Discover Pannerale Hannu In Karnataka
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What fruit looks like a guava and tastes like a rose? It is this rare tropical fruit that is scientifically called Syzygium jambos. While there are many variations to the fruits in the Syzygium family that are called water apples, wax apples, rose apples, Malabar apples, and so on, Syzygium jambos is a tropical fruit believed to be a native of Southeast Asia. In India, it is believed to grow and is naturalised to the tropical terrains along the western and eastern ghats regions that cover the states of Maharashtra, Karnataka, Kerala, Assam, and Tamil Nadu.

It is predominantly known to grow in areas that cultivate areca nuts and coconuts. If you are from Karnataka or grew up in the areca nut or coconut farms of South Canara, Malenadu regions, Chikamagalur, or Kodagu district, you are likely to be familiar with this fruit, which is called pannerale hannu in Kannada. While they can be seen in some parts of Pune, Satara, and Kolhapur in Maharashtra, they are popularly found in Kannur, Kollam, Idukki, Tiruvanathapuram, and Palakkad regions of Kerala, where they are known as malakkachampa.

This fruit is fragile and has a short shelf life, making commercial cultivation a big challenge, and the limited produce is up for grabs during the season for a short window of time. They grow on shrubs exuding a sweet rose perfume, because of which the tree is mostly home to a colony of fire ants that one must be mindful of while harvesting the jambo. Since the fruit is fragile and bruises easily, there are many packaging requirements that make it expensive to buy pannerale hannu, and it is a risky task to transport it to different regions, due to which it is not commercially sold and many people might not have seen or even be aware of its existence.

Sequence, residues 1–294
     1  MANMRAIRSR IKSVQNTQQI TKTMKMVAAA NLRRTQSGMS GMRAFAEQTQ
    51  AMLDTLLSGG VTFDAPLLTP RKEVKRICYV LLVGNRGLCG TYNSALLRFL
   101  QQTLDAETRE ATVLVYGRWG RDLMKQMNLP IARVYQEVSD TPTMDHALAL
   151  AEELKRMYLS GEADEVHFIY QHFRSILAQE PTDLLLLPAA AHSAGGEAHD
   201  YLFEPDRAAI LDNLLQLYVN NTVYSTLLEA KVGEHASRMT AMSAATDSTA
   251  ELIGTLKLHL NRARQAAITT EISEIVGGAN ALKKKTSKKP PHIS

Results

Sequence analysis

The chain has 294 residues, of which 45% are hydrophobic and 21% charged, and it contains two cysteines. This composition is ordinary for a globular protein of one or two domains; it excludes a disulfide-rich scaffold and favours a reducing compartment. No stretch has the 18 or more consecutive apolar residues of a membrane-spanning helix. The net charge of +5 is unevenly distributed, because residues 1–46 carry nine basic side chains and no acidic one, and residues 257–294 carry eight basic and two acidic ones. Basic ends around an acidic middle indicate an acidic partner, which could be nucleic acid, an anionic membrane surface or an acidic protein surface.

Pannerale hannu has many vernacular names in India. It is known as golapi jamuk in Assamese, champai in Tamil, jambuneredu in Telugu, and jaamb in Marathi. Paneer fruit, as it is commonly referred to in Bengaluru and Tamil Nadu, means rosewater fruit, which is popularised by the city's vendors, who mostly sell them on their bicycle carts. This fruit is eaten raw on its own or also combined with custard, which imparts a rose flavour to the dessert. These golf ball-sized fruits have green, turning to yellow or pinkish-yellow, waxy skin when ripe.

The fruit is light and hollow when it ripens, with a seed or two on the inside that rattles when moved back and forth. The seeds are inedible. However, when you bite into the flesh, you will notice that they are reminiscent of rose water in fragrance and flavour, which are refreshingly light on the palate. They are airy, juicy, and crunchy in texture, and they taste sweet, which is followed by the floral notes of rose, strangely.

The bark and leaves of this tree are known to be used for medicinal purposes, according to Ayurveda and some local medicinal systems. It's used in various ways, from fresh consumption to making jellies and jams. They are known for their diuretic and non-toxic properties. The oil extracted from the leaves through distillation is known to be used in the perfume industry as well.

Pannerale hannu can be spotted in the KR market, local vendor carts, and all the HOPCOMS outlets in Bengaluru during the season. Lately, you can also buy them online in stores like and more, where they are referred to as paneer fruit. If you get your hands on a bunch of these refreshing fruits, you might want to give it a try. And when the taste and texture grow on your palate, you might want to plant those seeds to put your green thumb to use and harvest a fresh batch year-on-year to enjoy this rare produce in a farm-to-table manner.